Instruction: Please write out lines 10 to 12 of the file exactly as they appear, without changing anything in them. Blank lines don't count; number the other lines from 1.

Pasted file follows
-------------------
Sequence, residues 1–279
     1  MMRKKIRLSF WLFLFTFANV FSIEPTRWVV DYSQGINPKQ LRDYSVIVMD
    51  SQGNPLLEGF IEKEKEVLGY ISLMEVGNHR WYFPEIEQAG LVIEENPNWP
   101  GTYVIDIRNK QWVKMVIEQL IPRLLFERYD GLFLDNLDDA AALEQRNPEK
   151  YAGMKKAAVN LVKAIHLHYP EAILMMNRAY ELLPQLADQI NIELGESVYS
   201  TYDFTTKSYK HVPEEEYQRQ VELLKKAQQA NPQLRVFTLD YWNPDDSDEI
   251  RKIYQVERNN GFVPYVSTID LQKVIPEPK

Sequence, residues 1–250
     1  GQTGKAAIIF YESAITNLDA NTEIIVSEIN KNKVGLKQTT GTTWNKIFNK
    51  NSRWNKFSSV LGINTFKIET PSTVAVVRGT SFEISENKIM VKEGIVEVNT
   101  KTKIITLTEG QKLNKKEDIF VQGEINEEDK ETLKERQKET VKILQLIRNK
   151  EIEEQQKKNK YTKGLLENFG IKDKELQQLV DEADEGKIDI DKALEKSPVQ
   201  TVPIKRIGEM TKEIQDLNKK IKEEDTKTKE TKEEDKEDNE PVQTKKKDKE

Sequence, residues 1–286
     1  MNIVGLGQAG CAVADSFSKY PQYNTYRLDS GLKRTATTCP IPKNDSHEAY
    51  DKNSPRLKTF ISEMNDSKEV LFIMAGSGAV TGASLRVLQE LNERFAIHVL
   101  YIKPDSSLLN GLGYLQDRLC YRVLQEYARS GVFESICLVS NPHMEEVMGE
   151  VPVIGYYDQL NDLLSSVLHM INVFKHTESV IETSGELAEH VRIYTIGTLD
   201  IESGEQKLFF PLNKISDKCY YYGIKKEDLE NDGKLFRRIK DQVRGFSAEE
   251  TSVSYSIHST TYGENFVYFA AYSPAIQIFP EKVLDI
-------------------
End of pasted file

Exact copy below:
    51  NSRWNKFSSV LGINTFKIET PSTVAVVRGT SFEISENKIM VKEGIVEVNT
   101  KTKIITLTEG QKLNKKEDIF VQGEINEEDK ETLKERQKET VKILQLIRNK
   151  EIEEQQKKNK YTKGLLENFG IKDKELQQLV DEADEGKIDI DKALEKSPVQ